That’s why it’s so disturbing to see reality mirroring fantasy so closely. Jennifer Wright insists in Harper’s Bazaar that “transgender women are women, and transgender men, are men.” There’s a genuine reality-shift there: Their femaleness or maleness have become real. Raquel Willis writes plainly, “Trans women are women. This isn’t a debate.” And if someone wanted to debate it anyway? Look out, here comes the power play:

Trans women are a type of woman, just as women of color, disabled women and Christian women are types of women. Just as you would be bigoted to deny these women their womanhood, so would you be to deny trans women of theirs.

Translation: “Anyone here wanna be a bigot? No? Then submit. View reality the way I declare it to be.”

Social power of that sort is strong. But that’s not all the power being used here. Corporate policies back it up. Universities insist on it. People have been fired and arrested for not buckling under transgenderism’s mind control.

Pronouns and “Respect”

Raquel Willis regards himself a woman, and prefers living life as if he were a woman. He’s free to do that. I wouldn’t dream of taking that away from him. I’m committed to treating him as fully human, fully deserving all the worth, respect and rights that come with being human.

I know some would say I’m failing to give him that respect by calling him a he. On the contrary. Willis is using all the power at his disposal to try to force me to see him as a her, based on no other reason except his insistence that he is in fact “she.”

There is no magic in the transgender movement’s reality-shifting efforts, but there is plenty of darkness.

I suppose I could give in, but it wouldn’t be respect in that case. It would be an act of pure submission, bowing to his will, his declaration, his demand. So who’s disrespecting whom now?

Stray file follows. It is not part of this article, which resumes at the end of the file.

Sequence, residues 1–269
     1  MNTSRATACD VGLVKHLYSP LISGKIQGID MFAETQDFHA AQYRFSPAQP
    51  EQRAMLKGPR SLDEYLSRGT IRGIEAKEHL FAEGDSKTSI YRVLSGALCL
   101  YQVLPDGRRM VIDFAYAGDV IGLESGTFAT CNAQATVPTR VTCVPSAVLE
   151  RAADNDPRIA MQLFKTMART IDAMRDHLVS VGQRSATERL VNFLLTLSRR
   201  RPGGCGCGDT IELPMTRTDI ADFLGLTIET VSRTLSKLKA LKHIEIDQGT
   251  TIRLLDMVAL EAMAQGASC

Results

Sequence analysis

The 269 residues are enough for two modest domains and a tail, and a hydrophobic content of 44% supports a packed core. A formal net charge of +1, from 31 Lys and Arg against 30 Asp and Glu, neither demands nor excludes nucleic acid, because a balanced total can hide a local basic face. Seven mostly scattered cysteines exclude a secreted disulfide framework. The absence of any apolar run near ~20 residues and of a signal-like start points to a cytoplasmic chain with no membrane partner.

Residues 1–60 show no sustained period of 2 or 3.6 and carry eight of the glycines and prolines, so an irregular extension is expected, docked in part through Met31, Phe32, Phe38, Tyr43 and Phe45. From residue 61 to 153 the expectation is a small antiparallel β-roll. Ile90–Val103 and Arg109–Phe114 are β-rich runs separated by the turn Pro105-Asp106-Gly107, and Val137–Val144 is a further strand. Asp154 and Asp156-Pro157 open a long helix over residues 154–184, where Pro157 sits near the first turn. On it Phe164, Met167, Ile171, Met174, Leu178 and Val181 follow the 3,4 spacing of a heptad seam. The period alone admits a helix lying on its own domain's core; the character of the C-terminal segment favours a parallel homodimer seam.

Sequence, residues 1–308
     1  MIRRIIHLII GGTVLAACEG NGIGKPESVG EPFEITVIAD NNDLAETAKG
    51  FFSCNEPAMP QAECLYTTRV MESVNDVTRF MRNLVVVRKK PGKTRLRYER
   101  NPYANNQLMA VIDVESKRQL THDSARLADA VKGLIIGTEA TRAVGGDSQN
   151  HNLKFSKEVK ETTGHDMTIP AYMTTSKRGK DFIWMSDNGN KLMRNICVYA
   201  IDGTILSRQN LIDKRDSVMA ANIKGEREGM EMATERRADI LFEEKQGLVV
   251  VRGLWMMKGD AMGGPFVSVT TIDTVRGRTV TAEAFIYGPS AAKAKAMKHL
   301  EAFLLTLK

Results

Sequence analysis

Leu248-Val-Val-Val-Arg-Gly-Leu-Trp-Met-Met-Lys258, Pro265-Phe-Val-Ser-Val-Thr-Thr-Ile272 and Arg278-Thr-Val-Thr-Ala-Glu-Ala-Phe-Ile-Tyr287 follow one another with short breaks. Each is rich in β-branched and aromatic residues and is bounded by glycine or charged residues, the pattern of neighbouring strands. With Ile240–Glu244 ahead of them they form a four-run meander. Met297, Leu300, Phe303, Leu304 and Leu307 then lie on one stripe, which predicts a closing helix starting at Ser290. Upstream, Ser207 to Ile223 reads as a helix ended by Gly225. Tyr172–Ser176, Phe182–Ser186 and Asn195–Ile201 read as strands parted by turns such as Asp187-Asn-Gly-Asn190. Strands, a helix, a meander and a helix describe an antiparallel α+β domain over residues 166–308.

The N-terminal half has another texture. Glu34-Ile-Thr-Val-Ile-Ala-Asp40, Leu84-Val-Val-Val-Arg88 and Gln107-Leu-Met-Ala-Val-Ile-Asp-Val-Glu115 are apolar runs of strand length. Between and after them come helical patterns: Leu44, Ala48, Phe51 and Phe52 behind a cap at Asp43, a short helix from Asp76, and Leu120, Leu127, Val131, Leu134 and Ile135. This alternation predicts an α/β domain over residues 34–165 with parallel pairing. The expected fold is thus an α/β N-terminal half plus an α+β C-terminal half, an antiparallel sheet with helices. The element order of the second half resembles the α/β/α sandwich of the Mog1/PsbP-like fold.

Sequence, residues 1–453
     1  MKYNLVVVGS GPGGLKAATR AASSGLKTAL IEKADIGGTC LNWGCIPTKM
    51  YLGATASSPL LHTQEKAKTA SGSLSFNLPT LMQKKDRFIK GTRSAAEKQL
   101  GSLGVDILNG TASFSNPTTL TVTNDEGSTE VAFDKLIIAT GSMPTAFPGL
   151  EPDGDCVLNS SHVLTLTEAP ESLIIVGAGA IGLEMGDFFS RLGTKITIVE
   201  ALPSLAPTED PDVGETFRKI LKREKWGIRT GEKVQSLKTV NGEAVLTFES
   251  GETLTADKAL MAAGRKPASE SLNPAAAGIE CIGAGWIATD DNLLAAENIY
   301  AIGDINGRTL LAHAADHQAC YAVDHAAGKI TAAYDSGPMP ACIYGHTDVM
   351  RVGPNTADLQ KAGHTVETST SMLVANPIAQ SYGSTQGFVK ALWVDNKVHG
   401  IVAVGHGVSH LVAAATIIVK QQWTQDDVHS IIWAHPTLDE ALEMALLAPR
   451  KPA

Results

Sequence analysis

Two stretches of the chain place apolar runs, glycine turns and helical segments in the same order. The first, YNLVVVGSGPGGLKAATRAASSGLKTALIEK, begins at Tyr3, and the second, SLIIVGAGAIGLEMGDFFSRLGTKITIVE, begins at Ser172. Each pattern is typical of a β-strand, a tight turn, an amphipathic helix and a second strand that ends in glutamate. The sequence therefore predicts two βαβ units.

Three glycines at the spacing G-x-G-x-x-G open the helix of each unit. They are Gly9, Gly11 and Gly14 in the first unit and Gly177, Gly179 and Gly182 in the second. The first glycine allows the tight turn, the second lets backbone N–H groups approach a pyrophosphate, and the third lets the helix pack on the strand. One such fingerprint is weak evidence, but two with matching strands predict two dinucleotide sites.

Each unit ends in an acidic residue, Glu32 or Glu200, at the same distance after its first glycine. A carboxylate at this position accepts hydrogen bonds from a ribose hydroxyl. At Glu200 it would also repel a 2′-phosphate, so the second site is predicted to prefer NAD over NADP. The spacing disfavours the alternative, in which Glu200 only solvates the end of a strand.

It’s not just about pronouns, by the way. Willis and others like him aren’t content to have us use the pronouns they prefer. They want to force a complete reality shift on us, a shift that isn’t complete until we see them as real women, or trans men as real men. It isn’t just language control, it’s mind control.

Power Doesn’t Have to be Magic to Be Dark

Am I overstating it? The magic part of it isn’t real.The rest of it, though? Think it through one more time: What makes mind control evil in the fantasy tales? It’s using — abusing — power to force a person to act, speak and think the way the power-wielder wishes.

If such magic existed it would be a dark power; but power is not made dark by the kind of power it is, but by the way it is used: to bend others to one’s will. There is no magic in the transgender movement’s reality-shifting efforts, but there is plenty of darkness. We must not submit to that evil.

Tom Gilson is a senior editor with The Stream, and the author of A Christian Mind: Thoughts on Life and Truth in Jesus Christ. Follow him on Twitter: @TomGilsonAuthor.

Print Friendly, PDF & Email
Comments ()
The Stream encourages comments, whether in agreement with the article or not. However, comments that violate our commenting rules or terms of use will be removed. Any commenter who repeatedly violates these rules and terms of use will be blocked from commenting. Comments on The Stream are hosted by Disqus, with logins available through Disqus, Facebook, Twitter or G+ accounts. You must log in to comment. Please flag any comments you see breaking the rules. More detail is available here.
The Identity Crisis of the Modern American Christian and How to Fix It
Annemarie McLean
More from The Stream
Connect with Us